4 Black Women Entrepreneurs on the Rise to Watch RN

4 Female Black Entrepreneurs to Watch in 2020

Black female entrepreneurs are taking over. We’re seeing more and more Black women entrepreneurs follow their dreams and turn those dreams into a true success. From fashion to the tech industry, Black female entrepreneurs are killing it.

We’ve got our eye on a few entrepreneurs that have set themselves apart in the past year or so. These ladies are fearless and ready to take on the world of business. So, without further ado, here are our picks for the four Black female entrepreneurs you have to watch in 2020.

Pinky Cole, Founder of Slutty Vegan

Pinky Cole is a true queen. She is the founder of the Atlanta-based vegan restaurant, Slutty Vegan. Slutty Vegan opened its doors in 2018 and instantly became an overnight sensation. This vegan joint stops sacrificing flavor for a vegan diet and brings tasty, comfort vegan options to the people of Atlanta. Slutty Vegan combines killer tastes with plant-based ingredients to satisfy any vegan craving out there.

Founder, Pinky Cole started Slutty Vegan out of a need for a restaurant in Atlanta that could satisfy her dietary restrictions. The restaurant grew rapidly and is one of the biggest hot spots in Atlanta right now. Cole has started giving back to the Atlanta community and recently paid off the tuition of 30 Clark Atlanta University students so they could stay in school!

Simone Spence, Founder & CEO of Don’t Get Mad Get Paid

Simone Spence founded Don’t Get Mad Get Paid as a mission-based organization to help women collect the child support they were owed. This organization was born out of years of frustration for Simone. Her own personal struggles collecting child support led her to learn all the complexities about the system. She became an expert and started sharing her knowledge with her peers, eventually opened an office to help the masses, and even testified before Congress as a child support expert.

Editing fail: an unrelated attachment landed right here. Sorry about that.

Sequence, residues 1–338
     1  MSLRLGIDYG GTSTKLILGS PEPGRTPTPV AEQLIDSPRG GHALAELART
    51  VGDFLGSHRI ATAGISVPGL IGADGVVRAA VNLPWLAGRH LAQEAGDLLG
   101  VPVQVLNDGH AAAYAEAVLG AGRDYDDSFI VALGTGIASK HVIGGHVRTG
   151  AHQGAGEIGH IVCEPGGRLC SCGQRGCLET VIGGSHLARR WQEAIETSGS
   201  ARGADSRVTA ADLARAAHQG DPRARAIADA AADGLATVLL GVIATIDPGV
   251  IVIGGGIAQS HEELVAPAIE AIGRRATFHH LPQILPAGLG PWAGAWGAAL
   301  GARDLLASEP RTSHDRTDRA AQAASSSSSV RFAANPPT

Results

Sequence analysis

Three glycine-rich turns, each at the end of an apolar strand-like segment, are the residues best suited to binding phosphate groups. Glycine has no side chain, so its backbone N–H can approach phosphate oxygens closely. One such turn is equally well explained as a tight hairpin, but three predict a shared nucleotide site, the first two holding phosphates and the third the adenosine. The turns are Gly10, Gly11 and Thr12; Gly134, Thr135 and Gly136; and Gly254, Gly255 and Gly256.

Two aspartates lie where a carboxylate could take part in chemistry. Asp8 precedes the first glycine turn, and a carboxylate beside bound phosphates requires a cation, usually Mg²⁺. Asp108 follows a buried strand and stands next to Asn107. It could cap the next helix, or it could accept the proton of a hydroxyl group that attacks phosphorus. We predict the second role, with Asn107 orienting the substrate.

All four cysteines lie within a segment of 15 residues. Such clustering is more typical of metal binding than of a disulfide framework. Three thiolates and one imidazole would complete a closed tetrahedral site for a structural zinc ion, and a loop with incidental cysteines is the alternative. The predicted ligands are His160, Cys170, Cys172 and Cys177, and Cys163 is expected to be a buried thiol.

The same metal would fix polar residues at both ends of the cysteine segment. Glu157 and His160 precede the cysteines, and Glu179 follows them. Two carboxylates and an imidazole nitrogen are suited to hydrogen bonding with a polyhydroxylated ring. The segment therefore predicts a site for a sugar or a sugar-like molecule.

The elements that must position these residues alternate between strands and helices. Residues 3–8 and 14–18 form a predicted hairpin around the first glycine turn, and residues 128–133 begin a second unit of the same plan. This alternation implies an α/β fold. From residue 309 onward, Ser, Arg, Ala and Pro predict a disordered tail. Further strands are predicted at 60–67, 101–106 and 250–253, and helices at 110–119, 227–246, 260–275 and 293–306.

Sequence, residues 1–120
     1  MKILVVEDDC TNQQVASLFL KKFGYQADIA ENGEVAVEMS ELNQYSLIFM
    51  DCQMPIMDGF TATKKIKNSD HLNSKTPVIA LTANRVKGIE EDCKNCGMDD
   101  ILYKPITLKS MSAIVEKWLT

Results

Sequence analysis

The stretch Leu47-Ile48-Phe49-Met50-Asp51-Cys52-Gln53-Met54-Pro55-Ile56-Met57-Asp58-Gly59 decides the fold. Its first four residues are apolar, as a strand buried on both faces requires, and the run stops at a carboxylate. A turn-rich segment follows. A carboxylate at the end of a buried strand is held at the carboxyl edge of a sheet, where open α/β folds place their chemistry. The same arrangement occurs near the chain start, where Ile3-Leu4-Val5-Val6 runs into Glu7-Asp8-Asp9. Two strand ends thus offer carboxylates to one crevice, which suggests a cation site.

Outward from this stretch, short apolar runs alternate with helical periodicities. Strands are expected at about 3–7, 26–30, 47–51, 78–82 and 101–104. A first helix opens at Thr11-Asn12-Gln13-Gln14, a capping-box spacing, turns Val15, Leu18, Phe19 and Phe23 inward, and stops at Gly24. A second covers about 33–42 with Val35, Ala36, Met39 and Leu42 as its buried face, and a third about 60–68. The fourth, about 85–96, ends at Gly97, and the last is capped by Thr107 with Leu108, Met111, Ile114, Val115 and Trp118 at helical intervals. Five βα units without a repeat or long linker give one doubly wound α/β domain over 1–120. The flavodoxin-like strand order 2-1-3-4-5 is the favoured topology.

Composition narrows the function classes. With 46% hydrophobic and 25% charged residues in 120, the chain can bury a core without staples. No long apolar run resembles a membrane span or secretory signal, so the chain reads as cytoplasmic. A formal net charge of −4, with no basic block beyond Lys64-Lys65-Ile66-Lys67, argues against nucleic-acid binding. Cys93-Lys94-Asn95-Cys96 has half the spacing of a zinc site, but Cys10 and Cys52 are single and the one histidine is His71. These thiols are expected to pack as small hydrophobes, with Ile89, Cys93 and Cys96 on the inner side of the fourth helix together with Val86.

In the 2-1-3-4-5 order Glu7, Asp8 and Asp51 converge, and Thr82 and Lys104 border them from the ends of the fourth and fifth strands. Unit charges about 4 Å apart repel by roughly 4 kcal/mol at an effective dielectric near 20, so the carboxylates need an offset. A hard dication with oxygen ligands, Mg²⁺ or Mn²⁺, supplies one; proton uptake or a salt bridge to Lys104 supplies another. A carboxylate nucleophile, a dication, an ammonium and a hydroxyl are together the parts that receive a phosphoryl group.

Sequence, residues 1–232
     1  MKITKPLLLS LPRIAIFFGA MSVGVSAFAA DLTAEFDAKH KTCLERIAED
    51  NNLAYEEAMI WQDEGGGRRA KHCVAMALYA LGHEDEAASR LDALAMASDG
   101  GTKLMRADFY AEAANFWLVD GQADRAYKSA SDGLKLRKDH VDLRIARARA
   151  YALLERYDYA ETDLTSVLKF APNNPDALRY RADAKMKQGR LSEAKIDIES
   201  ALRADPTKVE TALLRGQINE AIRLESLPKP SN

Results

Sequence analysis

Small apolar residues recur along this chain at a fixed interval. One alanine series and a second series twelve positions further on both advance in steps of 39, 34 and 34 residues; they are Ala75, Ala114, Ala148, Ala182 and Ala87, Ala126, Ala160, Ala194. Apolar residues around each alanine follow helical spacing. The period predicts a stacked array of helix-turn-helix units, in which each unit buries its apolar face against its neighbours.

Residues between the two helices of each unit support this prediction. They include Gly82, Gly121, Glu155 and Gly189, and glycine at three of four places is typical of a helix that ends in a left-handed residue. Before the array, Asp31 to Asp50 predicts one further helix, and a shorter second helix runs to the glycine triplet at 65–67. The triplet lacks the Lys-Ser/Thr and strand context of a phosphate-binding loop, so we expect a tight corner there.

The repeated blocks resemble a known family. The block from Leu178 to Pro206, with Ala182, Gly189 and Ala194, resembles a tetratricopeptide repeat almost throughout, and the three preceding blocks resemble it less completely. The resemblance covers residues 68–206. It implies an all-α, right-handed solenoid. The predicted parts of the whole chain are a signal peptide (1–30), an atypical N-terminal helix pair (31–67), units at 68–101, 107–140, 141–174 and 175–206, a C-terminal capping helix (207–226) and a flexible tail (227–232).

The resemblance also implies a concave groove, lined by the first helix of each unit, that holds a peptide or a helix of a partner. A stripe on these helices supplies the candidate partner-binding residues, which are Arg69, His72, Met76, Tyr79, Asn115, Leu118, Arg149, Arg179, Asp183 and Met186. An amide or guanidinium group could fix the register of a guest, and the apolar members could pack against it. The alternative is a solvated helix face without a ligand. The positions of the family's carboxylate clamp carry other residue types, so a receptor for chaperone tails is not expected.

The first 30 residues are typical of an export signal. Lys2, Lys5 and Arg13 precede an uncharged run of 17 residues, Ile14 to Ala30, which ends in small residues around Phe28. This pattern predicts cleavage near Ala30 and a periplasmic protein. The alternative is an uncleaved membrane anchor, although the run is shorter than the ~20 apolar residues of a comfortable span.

Don’t Get Mad Get Paid now helps countless Black, White, Hispanic women and more get the funds they deserve. They even boast an 87% success rate. Simone is doing such positive things, and we can’t wait to see what she does next!

Yelitsa Charles, Founder of Healthy Roots Dolls

Yelitsa Charles is helping young Black girls find representation in their own beauty. Yelitsa never had a doll that looked like her growing up. She was determined to make that happen.

As a Junior at the Rhode Island School of Design, Yelitsa redesigned Rapunzel as a Black girl with kinky locks. Her classmates were inspired, and she decided to make this into a reality.

Healthy Roots Dolls was founded with a grant from Brown University Social Innovation Fellowship as well as 674 Kickstarter backers. They now connect young Black girls to an array of diverse dolls that promote positive and real Black beauty representation.

Monique Rodriquez, Founder & CEO of MIELLE Organics

Monique Rodriguez founded MIELLE Organics to educate Black women about the importance of haircare. In 2014, Monique became frustrated from nursing her hair back to health after endless color and heat damage. Monique was constantly concocting new homemade haircare remedies in her kitchen.

When restoring her hair, she realized that other Black women could benefit from her expertise, and MIELLE Organics was born. The brand now has 25 results-driven haircare solutions and has won numerous awards for their commitment to high-quality haircare.

These women truly know what they’re doing. Check out some of their products today, and be sure to catch up with them and more with The Shade Room!


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